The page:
Say this for “Skin Deep Sea,” Stanton Wood’s fanciful play whose title sounds like a before-and-after answer on “Wheel of Fortune”: It is imaginative, often engaging and evocatively designed by Lisa Conley (sets, costumes and props), even if this rococo fairy tale has some emotional entanglements that remove it from the reality of steampunk fantasy and put it into the orbit of reality TV.
In the play, which opened over the weekend in Alan Berks’ good-looking production for Workhaus Collective at the Playwrights’ Center, a bodyguard played by Tony Sarnicki, is involved with a spitfire mother and both of her daughters (though not all at the same time). And all three women have powers of intellect, insight and magic (although one wonders about discernment).
“Skin Deep Sea” revolves around Penelope (the potent Adrienne Sweeney), a 19th-century robber baron in competition with Carnegie and Rockefeller. The other leading industrialists want her dead. She just wants to prosper, and to get back at them, if she can. Penelope travels to Japan to chill out, but is attacked by ninjas hired by her enemies. After a Westerner named Reed (Sarnicki) dispatches them, Penelope hires him as her bodyguard.
Meanwhile, Penelope’s daughter Felicity (Emily Dussault), who has magical skills, has begun the process of transforming her half-sister Sorrow (Chloe Armao) into a fish. The play opens, in fact, with Felicity going to the deck of the airship of Capt. Wilson (Sam Landman), a peg-legged privateer, and tasking him with dropping a barrel into the sea. The barrel contains Sorrow, who will be more at home in the salty depths.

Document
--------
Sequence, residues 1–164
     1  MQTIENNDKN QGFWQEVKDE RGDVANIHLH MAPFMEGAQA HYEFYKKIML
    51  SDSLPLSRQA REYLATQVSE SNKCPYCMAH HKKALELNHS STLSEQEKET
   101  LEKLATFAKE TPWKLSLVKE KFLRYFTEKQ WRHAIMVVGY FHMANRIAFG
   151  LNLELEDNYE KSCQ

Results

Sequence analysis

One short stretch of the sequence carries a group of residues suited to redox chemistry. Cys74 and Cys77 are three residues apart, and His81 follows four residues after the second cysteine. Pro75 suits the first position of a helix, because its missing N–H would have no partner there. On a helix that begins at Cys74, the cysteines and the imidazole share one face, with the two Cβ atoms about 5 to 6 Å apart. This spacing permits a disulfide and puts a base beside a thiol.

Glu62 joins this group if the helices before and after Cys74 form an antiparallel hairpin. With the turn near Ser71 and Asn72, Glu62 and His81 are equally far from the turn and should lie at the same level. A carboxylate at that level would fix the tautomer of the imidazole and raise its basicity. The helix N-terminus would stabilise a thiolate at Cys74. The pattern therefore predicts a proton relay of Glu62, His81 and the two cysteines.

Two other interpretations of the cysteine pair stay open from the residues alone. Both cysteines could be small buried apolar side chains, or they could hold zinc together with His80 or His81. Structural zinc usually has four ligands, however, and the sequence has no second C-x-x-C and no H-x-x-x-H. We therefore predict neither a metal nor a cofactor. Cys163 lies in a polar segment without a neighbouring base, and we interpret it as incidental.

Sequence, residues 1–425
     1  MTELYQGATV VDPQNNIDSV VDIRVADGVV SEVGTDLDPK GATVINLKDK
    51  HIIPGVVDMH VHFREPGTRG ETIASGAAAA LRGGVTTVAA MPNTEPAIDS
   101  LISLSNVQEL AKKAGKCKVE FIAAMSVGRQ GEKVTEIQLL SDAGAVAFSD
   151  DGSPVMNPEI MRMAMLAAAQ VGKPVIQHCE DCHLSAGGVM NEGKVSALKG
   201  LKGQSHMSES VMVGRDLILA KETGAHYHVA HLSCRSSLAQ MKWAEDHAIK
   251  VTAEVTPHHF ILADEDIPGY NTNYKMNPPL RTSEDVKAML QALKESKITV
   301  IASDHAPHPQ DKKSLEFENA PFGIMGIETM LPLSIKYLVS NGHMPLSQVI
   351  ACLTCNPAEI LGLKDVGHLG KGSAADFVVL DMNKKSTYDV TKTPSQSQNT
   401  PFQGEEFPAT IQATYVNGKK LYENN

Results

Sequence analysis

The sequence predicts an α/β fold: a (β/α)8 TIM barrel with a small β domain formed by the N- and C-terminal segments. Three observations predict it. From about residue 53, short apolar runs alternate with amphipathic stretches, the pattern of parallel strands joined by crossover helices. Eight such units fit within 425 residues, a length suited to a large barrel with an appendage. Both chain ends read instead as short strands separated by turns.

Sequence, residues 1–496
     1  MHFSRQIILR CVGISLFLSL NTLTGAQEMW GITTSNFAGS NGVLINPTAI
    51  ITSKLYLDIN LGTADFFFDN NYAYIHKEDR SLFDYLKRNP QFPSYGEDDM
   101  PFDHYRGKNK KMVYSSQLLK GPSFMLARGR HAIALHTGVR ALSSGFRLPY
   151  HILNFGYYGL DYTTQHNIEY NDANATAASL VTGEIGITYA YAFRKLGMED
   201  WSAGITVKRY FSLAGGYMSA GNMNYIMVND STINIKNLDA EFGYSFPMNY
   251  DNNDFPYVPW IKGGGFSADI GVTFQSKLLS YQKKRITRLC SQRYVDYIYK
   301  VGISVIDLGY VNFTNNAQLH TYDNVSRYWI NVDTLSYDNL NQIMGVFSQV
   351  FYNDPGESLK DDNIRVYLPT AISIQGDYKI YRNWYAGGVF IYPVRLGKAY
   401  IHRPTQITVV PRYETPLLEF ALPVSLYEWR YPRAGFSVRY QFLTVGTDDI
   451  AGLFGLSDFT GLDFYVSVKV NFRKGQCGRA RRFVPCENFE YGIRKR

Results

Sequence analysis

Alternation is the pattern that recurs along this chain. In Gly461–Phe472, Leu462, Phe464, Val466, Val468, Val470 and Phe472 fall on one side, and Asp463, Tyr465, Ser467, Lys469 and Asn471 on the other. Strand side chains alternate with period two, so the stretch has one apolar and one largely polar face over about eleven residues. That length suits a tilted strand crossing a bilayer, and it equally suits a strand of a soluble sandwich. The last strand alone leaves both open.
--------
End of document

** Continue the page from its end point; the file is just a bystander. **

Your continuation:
The locales in “Skin Deep” include the bottom of the ocean and the Pennsylvania river abode of a witch (Jane Froiland) who is consulted by two of the women.
The narrative lines are clear enough in this metaphor-suffused show that gets a lift and a kick from its cast.
Director Berks elicits a compelling performance from Sweeney, who invests Penelope with a gravitas that is occasionally leavened by humor. Dussault and Armao play their roles as if sides of the same coin: Dussault’s Felicity is light and intense; Armao’s Sorrow is subdued and has the air of someone whose smiles are tempered by pain. Both are tender.
Sarnicki is energetic, adding dimension to a supporting, one-note role that is the same regardless of which partner he is romancing. Froiland brings a feral ferocity to the witch, while Landman makes the most of his snide pirate.
If there is a general complaint about “Skin Deep,” it is that it loses some steam as fantasy. Instead of being wild and out there, it peters out into a conventional work as playwright Wood ties up loose ends. Still, it’s a pretty neat show.